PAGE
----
United Glasgow Football Club are having a fundraising gig on November 21st and we’d love you to come along!

We have three great bands playing for us:

Glasgow’s own folk’n’roll band The Wakes

Anarcho-punk legends Oi Polloi (Official)

Celtic / Iranian, Turbo Folk from AlbaRoma

Its set to be a top night, for an amazing cause and it’s only £5!

Tickets available from the Art School, McChuills Glasgow and United Glasgow FC in advance. Also available on the door on the night.

Who are United Glasgow Football Club?
United Glasgow F.C was formed in 2011 to provide a point of access to regular, structured football for those who might find themselves excluded from the game.

Our two guiding principles when we started our project were anti-discrimination and financial inclusion. By removing the prohibitive costs of football from the players we managed to bring together individuals from communities who would otherwise may never have met through a shared love of football

Where is the money going?
The success of United Glasgow FC has seen more and more people wanting to get involved in our exciting project. Therefore we have started 2 new teams. Firstly, there will be an 11 a-side women’s team joining the SWFL set-up in March. As well as this, a 2nd men’s 11-a-side team has started to allow more players than ever to access football.

As football becomes more expensive, United Glasgow works tirelessly to make football accessible to all but we need your help!

Introduction to Green Woodworking
Sunday Nov 23 at 10:00am to Nov 24 at 4:00pm
Green Aspirations Scotland, G63 0NF

On this one day course you will learn about the relaxing craft of green woodworking.
Working with sustainable timber you will produce everyday items to take home and cherish.
During the day we will transform logs into useful wooden items. Starting by selecting timber, sawing and cleaving logs we will see how to make the most of the trees we use. You will then be shown a range of hand tools and how to use them to make a mallet or spatula.
You will also be shown how to use the basic equipment for green woodwork, the pole lathe and shave horse.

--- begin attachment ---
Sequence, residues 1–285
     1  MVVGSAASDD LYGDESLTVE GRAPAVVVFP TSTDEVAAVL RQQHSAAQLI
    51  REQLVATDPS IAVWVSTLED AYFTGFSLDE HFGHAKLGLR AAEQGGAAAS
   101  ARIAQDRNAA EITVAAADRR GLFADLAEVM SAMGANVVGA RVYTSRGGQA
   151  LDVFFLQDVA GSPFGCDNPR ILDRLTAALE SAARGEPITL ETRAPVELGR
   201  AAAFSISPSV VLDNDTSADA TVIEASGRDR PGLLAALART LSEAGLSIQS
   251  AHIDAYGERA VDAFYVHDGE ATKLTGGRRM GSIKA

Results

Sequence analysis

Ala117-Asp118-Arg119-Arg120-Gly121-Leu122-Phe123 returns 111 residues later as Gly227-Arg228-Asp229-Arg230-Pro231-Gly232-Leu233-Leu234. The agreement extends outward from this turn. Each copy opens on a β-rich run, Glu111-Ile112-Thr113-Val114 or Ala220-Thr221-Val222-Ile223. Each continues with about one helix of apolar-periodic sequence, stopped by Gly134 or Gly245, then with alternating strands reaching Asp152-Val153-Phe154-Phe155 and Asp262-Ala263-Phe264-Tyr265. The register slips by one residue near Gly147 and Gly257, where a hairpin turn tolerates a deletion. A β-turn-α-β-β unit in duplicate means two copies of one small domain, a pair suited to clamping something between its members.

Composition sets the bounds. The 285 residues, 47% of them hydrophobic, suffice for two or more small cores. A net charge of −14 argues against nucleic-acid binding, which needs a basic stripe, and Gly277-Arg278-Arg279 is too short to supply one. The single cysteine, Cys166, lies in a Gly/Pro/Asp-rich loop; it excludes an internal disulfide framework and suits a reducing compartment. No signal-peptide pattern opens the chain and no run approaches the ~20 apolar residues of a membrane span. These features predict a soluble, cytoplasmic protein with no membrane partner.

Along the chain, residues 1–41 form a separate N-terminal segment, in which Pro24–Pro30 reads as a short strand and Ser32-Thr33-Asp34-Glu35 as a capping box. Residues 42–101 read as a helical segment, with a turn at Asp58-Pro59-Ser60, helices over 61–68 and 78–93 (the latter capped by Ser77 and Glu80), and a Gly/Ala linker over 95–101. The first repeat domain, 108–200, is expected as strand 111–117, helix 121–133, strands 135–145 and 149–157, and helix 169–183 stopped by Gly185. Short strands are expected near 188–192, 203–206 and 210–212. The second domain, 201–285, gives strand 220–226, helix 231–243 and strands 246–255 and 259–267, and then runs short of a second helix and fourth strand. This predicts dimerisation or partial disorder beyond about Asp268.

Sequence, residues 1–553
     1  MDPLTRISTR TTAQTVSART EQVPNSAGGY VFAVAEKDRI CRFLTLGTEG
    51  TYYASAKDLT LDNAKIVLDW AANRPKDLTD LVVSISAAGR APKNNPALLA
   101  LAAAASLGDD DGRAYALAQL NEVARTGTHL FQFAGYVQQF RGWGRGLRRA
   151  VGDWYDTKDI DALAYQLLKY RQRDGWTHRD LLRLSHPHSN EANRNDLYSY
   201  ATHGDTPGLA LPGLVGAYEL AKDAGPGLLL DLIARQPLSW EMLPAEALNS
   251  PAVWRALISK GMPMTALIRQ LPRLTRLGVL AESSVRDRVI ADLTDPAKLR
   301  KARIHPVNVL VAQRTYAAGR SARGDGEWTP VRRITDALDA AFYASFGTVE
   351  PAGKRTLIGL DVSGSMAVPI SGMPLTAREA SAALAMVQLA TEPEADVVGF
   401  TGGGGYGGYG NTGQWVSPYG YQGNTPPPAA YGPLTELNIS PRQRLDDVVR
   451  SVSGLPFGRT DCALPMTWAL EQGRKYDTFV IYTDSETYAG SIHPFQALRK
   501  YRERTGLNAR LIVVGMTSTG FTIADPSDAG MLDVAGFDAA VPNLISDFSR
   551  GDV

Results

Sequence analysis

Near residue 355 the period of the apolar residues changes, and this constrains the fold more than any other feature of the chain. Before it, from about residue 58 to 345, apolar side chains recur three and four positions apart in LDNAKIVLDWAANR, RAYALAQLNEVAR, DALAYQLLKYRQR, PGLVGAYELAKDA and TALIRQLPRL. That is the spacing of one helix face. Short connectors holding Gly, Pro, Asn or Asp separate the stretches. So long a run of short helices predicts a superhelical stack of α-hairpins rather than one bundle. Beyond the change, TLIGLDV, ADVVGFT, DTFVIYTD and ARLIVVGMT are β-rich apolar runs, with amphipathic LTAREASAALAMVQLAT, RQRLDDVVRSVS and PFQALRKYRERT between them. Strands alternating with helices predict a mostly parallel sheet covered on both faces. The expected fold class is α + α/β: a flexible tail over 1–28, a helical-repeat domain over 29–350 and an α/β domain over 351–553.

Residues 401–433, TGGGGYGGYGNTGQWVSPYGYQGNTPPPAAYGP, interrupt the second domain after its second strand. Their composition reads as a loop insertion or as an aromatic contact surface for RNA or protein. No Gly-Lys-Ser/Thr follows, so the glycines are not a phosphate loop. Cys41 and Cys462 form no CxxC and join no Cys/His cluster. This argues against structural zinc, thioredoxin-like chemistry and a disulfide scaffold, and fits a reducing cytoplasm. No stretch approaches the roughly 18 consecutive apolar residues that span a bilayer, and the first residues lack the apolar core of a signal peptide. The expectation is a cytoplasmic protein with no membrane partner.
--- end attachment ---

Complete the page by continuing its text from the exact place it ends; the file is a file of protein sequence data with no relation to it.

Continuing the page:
‘An inspirational course from Green Aspirations. I’ve totally caught the green woodworking bug after just a few hours in the woods with Paul and Louise. Paul gives excellent clear instruction from an obviously huge depth of knowledge, with emphasis on safety, practical experience and having fun. Really opened my eyes to possibilities of ‘green wood’ and left me hungry for more…’

‘I’m totally sold on your ethos and what you are doing here and I love the way you present it, in such an open and approachable way with no judgement.’

Blood in the Mobile – Free Film Screening, Discussion & Live Music
Tuesday, November 25 at 6.30pm
Stereo Cafe Bar, 22-28 Renfield Lane, G2 6PH

It’s hard to imagine a life without mobile phones anymore. But what is behind these devices we so much depend on? The main part of minerals used to produce cell phones are coming from the mines in Congo. The Western World is buying these so-called conflict minerals and thereby finances a civil war that has cost the lives of more than 5 million people, a sheer unbelieveable number.

The Film & Event

Film director Frank Poulsen travels to Congo to see the illegal mine industry with his own eyes. Despite the danger, the film crew gets access to the largest tin-mine where children work for days in narrow mine tunnels to dig out the minerals that end up in our phones. But still the biggest challenge is to convince the mobile industry to face up to their dirty secret in the supply chain.

After the film there will be discussion with Dr. Kurt Mills from Glasgow University and a speaker from Amnesty International. Finally there will be some fine musical entertainment by Tom Spirals, performing a reggae based solo-mix.

Donations are very welcome!
Night Shelter Open Evening
Wednesday, November 26 at 7:30pm – 9:30pm
Please contact Glasgow Unity for details of the location

Glasgow Night Shelter is looking for volunteers to help cover gaps in our rota over the winter holiday period.

We also need volunteers to help at a drop-in we’re going to run on Christmas and Boxing Days and on Hogmanay when people staying at the night shelter have nowhere to go because most other charities and community centres are shut.

If you are interested in volunteering at the night shelter or at the holiday drop-in then you should come along to the Open Evening to meet other volunteers, talk to some of the men staying at the shelter and to find out more about what volunteering involves.
Scotland Against Fracking Enviromental March
Sunday, December 7 at 1:00pm – 4:00pm
From The Helix Falkirk to Zetland Park Grangemouth